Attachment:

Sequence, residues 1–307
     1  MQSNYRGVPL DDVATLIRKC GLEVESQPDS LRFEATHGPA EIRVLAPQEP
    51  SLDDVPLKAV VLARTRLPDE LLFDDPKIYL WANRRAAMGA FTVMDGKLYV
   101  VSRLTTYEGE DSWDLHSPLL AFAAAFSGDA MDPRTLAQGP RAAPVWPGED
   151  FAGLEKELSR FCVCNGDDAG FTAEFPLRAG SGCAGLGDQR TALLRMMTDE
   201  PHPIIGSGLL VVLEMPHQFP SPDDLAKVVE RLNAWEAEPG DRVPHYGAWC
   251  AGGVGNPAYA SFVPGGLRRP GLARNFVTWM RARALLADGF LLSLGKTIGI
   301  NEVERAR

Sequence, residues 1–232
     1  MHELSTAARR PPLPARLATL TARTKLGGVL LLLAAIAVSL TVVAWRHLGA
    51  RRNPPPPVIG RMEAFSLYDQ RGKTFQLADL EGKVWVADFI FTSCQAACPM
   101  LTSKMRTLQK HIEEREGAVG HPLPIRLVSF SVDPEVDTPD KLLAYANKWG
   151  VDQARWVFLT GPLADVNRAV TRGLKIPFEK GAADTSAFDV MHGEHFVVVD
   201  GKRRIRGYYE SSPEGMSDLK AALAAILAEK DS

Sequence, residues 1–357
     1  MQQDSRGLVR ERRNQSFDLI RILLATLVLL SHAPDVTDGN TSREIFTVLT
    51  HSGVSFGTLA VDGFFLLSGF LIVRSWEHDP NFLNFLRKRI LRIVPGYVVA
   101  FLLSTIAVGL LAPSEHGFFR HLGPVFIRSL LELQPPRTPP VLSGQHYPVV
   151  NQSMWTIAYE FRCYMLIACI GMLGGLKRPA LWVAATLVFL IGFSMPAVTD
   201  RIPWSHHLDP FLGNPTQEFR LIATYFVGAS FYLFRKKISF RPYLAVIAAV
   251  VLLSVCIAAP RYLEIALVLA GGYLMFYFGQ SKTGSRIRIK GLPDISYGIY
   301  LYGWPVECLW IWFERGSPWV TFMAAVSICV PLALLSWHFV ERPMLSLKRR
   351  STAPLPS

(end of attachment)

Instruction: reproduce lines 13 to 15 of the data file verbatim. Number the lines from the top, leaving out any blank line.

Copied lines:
   151  VDQARWVFLT GPLADVNRAV TRGLKIPFEK GAADTSAFDV MHGEHFVVVD
   201  GKRRIRGYYE SSPEGMSDLK AALAAILAEK DS

Sequence, residues 1–357